7. My App crashes with PlatformNotSupported exception in System.Linq.Expression errors at runtime

There are places in net6.0 and net7.0 where some paths use code that requires JIT compilation. Such as when using parts of System.Linq.Expression which internally uses System.Reflection.Emit. This is supposed to be fixed in net8.0.

Read more here:

If you encounter such issues you will have to add the following to your iOS project:


You may also want to experiment with adding


You can read more about this in Ryan Davis’s excellent blog post about improving build times

But UseInterpreter kicks in the Interpreter mode for your App and allows for some cool features, which are also described by Ryan Davis in his post about the mono interpreter. Among these emitting code, patching code at runtime and more, but more importantly fixes runtime crashes until libraries get patched.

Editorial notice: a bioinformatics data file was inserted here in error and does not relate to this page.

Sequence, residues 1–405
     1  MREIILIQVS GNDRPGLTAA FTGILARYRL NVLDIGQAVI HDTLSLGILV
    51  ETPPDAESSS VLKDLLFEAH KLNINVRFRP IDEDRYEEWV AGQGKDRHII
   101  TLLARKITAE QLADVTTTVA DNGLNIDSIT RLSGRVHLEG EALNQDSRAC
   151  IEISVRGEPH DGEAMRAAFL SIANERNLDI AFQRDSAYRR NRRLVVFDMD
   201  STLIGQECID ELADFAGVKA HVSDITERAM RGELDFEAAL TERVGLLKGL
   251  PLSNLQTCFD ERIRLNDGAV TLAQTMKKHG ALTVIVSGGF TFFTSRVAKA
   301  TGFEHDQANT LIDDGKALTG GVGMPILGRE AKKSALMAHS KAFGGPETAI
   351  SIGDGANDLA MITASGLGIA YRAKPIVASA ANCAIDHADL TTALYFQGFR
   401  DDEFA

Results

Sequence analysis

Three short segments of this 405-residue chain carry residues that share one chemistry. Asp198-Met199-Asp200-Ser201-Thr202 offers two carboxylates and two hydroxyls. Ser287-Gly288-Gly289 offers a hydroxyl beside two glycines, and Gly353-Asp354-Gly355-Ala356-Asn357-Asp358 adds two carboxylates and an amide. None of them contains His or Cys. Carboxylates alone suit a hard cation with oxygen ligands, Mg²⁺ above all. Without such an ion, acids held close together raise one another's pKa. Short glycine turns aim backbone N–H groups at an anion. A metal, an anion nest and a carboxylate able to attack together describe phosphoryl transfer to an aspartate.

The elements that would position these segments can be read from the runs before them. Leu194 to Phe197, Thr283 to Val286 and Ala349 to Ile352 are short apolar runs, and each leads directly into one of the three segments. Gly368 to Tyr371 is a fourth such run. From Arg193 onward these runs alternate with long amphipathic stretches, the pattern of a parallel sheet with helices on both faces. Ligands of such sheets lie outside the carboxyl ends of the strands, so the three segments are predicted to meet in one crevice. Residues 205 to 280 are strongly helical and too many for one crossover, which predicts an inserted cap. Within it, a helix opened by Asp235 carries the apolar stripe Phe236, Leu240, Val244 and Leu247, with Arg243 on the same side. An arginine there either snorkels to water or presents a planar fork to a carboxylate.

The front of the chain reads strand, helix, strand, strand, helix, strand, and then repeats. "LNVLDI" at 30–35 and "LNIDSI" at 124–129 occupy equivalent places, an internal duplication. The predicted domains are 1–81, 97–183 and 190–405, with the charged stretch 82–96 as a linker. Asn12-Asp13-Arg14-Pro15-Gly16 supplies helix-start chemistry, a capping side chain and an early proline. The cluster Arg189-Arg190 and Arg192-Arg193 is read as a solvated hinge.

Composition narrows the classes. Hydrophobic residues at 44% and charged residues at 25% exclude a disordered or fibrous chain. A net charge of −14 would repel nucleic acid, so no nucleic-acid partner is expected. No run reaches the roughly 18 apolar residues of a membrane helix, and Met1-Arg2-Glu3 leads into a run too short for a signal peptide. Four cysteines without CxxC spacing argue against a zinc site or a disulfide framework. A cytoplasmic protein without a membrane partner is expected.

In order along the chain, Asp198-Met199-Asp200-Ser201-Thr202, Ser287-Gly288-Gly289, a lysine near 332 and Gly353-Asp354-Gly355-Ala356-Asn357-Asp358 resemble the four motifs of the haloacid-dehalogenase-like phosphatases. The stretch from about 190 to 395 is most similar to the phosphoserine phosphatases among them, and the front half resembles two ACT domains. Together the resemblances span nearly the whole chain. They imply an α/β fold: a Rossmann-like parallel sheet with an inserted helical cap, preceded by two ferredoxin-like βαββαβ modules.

8. I have a Binding Library what do I do with that?

Business as usual. However, I’ve found that switching over to output XCFramework libraries for the stuff you want to bind, is much easier to work with. Especially if you also want to support Mac Catalyst, then it is a must.

You still need to provide a ApiDefinition and Structs file. Specifically for these you need specific build actions in your csproj file:

  <ObjcBindingApiDefinition Include="ApiDefinition.cs" />
  <ObjcBindingCoreSource Include="Structs.cs" />

Then you can refer to your XCFrameworks like so:

  <NativeReference Include="..\..\Output\NukeProxy.xcframework">
  <NativeReference Include="..\..\Carthage\Build\Nuke.xcframework">

If you are still on .net6.0, you may have issues with BitCode being pulled in for some reason. Refer to this comment on GitHub to see how you can add extra stuff in your csproj to get rid of it. Supposedly it is fixed in .net7.0.

I think this is more or less what you need to know. Sure, this is not a complete migration guide, so you will have to try this yourself, but hopefully there are some things here that might you. If you have any questions, please do reach out on Discord, Mastodon, Twitter or in the comments below.